24 Hours in Copenhagen

Hi hi – I was greeted as I walked into the reception of the hotel in Copenhagen. It’s such a chirpy way to say hello (actually spelled hej hej in Danish) and I immediately felt welcomed into the cosy wood-beamed reception of the 71 Nyhavn hotel.

I’m only in the Danish capital for about 24 hours, so location as they say is everything. I picked the 71 Nyhavn hotel for just that reason. I had a choice of this or the Admiral hotel. While I was walking past, I popped into the Admiral and was glad I hadn’t stayed there. Not that it didn’t also look welcoming with its fairy-lit reception area, but it’s so much bigger than the 71 Nyhavn. Sometimes size isn’t everything, and I was happier staying in a smaller hotel, especially when the staff greeted by name at breakfast the next morning.

So, location. The 71 Nyhavn sits on the Nyhavn canal that’s lined with colourful Dutch-style houses. The writer Hans Christian Andersen lived at no. 67 along with drunken sailors enjoying a beer or some fish from the restaurants along the quayside. This is still one of the areas to come for lunch (frokost) as there’s plenty of choice. And whatever time of year, you can sit outside and enjoy the view – in winter covered in blankets.

At the end of Nyhavn harbour, just 5 minutes walk from the hotel, is Kongens Nytorv. Here, you’ll find the metro station from where it’s only 20 minutes to the airport (Lufthavnen) and costs just 36 danish kroner (approx. £3.60). Don’t do as I do though and buy the ticket in advance as it’s only valid for 1hr 15.

Next to Kongens Nytorv is the Magasin du Nord department store, with a whole floor dedicated to chocolate, and I even found a bar called “Fit Fiona” in purple by Danish company, Simply Chocolate. Kongens Nytorv is also the start/end of Stroget pedestrian shopping street. A couple of other stores to look out for are Illums department store, and also Georg Jensen’s famed silver shop.

After a brief shopping spell, I decided to head to the other side of the harbour to the independent state of Christiania. A kindly local told me to walk just past the church (the golden spire of Vor Frelsers church is clearly visible), and turn left. Christiania is there just under the archway advising you to “Beware Here Be Dragons”. There’s no taking photos here … while tourists are always welcome, there are a number of stalls selling hash, which is still illegal here, so the stallholders ask for anonymity hiding behind their camouflaged entrances. Apparently Copenhagen wants the area back, and it’s definitely a little rough round the edges, but I was told that you should come here for Sunday brunch.

That evening, I would have loved to have been organised and booked an opera (although for those who know me, I’ll have to wait until my cousin sings there). There’s a yellow ferry that crosses the harbour from next to the hotel, so if I’d have been going the hotel would be the perfect location.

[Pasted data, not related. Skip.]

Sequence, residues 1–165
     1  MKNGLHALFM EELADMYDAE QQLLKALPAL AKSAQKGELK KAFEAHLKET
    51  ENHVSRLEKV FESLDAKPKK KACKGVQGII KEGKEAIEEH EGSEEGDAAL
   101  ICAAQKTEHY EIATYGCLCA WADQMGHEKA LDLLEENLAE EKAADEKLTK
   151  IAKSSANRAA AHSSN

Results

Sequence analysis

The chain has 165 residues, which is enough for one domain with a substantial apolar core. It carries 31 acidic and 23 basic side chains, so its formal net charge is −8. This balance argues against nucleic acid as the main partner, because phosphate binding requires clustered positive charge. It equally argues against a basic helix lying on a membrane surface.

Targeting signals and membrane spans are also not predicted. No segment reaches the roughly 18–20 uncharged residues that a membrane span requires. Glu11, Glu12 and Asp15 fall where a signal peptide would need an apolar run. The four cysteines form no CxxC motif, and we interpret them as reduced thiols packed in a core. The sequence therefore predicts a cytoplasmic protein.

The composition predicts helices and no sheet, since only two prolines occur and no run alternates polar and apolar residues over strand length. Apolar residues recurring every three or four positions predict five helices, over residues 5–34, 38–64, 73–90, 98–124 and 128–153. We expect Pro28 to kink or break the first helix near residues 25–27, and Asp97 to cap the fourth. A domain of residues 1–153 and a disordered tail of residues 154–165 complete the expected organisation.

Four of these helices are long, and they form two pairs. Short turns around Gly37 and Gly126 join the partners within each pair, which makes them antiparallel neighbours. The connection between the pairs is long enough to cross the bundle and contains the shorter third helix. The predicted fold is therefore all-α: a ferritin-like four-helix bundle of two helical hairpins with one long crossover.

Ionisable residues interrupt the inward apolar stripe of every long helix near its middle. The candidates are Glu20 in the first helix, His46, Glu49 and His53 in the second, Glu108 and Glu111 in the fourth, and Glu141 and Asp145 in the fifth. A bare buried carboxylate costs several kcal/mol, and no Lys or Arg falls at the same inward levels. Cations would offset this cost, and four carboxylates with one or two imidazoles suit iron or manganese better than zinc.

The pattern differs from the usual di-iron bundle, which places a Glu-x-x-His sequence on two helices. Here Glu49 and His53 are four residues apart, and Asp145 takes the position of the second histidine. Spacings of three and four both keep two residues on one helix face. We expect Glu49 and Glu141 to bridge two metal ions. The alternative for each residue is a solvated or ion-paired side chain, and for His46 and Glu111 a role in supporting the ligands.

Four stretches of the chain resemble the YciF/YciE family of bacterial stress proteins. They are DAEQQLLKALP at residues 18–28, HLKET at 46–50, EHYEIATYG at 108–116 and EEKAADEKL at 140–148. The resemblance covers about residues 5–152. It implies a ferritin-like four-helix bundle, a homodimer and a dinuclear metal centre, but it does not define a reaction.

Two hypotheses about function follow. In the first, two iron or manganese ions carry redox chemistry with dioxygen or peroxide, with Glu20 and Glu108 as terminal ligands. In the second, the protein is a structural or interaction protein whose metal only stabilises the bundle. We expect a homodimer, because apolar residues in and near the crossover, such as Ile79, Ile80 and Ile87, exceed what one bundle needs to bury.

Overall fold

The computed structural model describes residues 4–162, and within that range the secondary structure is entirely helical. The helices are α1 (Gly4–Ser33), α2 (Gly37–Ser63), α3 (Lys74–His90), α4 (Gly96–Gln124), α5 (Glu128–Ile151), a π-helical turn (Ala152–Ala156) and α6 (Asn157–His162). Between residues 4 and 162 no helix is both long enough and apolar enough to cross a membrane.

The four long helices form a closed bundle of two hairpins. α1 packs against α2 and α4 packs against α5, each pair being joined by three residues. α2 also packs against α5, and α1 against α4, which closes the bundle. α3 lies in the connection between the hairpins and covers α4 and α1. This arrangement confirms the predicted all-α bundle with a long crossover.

I also hadn’t managed to get a table at world-renowned Michelin-starred restaurant Noma. While it’s opposite the hotel across the main harbour, you’ll have to wait until later in 2016 before they finally fill in the middle of the pedestrian/cycling bridge Inderhavnsbroen. For now, it’s the ferry again. As I couldn’t get a table there, I headed south along the harbourside to the green-painted The Standard restaurant in the old Sweden-Denmark ferry building. While the food is recommended, it’s also a jazz club. And all a leisurely 5-minute stroll back to the hotel.

The next morning, I had the breakfast in the hotel that’s included in the price of the room. While I was there, the hotel’s restaurant was under renovation, so it was a cold buffet with fruit, cereals and meats. Then there was still plenty of time to head back the 5 minutes along Nyhavn to the canal boat tour. For just 40 DKK (approx. £4), the boat takes you under low bridges on a 50- to 60-minute guided tour of the three harbours: Nyhavn; Christianshavn and Frederiksholms kanal. All three have painted houses that were introduced here by King Christian in the 16th century after a visit to Amsterdam. Frederiksholm is currently being regenerated and will soon have new cafes, Of course, the boat also goes along the harbour past the Opera House and as far as the Little Mermaid (Lille Havfrue). I was advised by a number of people not to bother with seeing it as it’s quite small and overrated. And they’re right to a certain extent, but at least I hadn’t walked all the way and been disappointed.

Back at Nyhavn, a couple on the boat said they were heading to the Changing the Guard at Amalienborg palace at 12 noon, so I joined them for the 5-minute walk along Toldbodgade. While it was interesting, there did seem to be a lot of nothing going on. The best entertainment was the Danish policeman who obviously had a night job as a stand-up comedian.

Not feeling it, I headed back to the harbourside walk as I realised the opera house was facing the palace with an uninterrupted view. What a fantastic place it must be to look from the opera house to the palace. Oh well, maybe next time …